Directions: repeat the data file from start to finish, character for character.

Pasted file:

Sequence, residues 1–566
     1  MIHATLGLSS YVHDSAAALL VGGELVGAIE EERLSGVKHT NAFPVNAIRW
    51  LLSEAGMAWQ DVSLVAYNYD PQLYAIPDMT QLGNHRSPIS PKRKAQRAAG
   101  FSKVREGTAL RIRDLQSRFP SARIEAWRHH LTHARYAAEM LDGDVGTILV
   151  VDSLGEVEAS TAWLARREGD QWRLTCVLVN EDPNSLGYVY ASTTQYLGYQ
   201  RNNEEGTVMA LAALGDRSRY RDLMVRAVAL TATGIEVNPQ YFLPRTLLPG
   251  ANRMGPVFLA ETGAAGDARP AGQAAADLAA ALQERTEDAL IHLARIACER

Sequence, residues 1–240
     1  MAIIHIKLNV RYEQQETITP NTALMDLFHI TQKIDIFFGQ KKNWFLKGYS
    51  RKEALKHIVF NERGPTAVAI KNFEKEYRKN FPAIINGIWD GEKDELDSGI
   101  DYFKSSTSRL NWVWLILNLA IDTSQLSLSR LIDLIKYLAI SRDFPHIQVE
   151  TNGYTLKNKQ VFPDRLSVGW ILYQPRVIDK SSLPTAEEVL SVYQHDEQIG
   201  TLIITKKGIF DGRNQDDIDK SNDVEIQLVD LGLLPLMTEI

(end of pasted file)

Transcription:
Sequence, residues 1–566
     1  MIHATLGLSS YVHDSAAALL VGGELVGAIE EERLSGVKHT NAFPVNAIRW
    51  LLSEAGMAWQ DVSLVAYNYD PQLYAIPDMT QLGNHRSPIS PKRKAQRAAG
   101  FSKVREGTAL RIRDLQSRFP SARIEAWRHH LTHARYAAEM LDGDVGTILV
   151  VDSLGEVEAS TAWLARREGD QWRLTCVLVN EDPNSLGYVY ASTTQYLGYQ
   201  RNNEEGTVMA LAALGDRSRY RDLMVRAVAL TATGIEVNPQ YFLPRTLLPG
   251  ANRMGPVFLA ETGAAGDARP AGQAAADLAA ALQERTEDAL IHLARIACER

Sequence, residues 1–240
     1  MAIIHIKLNV RYEQQETITP NTALMDLFHI TQKIDIFFGQ KKNWFLKGYS
    51  RKEALKHIVF NERGPTAVAI KNFEKEYRKN FPAIINGIWD GEKDELDSGI
   101  DYFKSSTSRL NWVWLILNLA IDTSQLSLSR LIDLIKYLAI SRDFPHIQVE
   151  TNGYTLKNKQ VFPDRLSVGW ILYQPRVIDK SSLPTAEEVL SVYQHDEQIG
   201  TLIITKKGIF DGRNQDDIDK SNDVEIQLVD LGLLPLMTEI